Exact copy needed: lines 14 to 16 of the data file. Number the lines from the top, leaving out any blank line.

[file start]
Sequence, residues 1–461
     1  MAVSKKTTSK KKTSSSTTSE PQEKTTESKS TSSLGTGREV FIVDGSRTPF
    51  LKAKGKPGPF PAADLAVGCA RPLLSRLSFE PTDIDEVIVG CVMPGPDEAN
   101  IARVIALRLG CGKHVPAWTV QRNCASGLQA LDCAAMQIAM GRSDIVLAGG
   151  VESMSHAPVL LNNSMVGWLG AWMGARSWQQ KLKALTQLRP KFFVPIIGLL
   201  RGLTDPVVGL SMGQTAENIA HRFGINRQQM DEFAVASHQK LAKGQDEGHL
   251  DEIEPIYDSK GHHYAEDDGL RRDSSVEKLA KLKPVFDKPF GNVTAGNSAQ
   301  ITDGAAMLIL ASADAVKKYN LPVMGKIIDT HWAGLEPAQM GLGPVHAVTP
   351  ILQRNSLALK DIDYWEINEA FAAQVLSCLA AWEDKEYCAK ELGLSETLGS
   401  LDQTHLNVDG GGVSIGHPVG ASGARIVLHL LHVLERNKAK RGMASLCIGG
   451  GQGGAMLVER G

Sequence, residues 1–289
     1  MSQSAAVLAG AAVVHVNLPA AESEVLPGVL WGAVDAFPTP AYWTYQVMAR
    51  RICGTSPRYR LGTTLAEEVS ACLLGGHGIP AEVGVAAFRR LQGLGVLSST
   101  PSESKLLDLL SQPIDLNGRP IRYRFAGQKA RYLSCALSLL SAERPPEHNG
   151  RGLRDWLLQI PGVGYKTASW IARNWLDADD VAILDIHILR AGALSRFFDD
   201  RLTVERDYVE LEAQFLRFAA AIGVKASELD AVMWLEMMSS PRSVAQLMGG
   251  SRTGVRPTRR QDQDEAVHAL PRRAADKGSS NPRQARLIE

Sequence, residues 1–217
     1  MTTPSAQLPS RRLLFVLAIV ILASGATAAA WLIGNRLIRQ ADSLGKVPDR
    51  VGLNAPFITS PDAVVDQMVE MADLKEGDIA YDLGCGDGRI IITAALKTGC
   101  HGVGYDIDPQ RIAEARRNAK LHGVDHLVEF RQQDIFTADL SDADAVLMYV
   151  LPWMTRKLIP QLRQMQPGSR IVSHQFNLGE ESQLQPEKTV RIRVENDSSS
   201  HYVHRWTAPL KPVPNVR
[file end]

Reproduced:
    51  RICGTSPRYR LGTTLAEEVS ACLLGGHGIP AEVGVAAFRR LQGLGVLSST
   101  PSESKLLDLL SQPIDLNGRP IRYRFAGQKA RYLSCALSLL SAERPPEHNG
   151  RGLRDWLLQI PGVGYKTASW IARNWLDADD VAILDIHILR AGALSRFFDD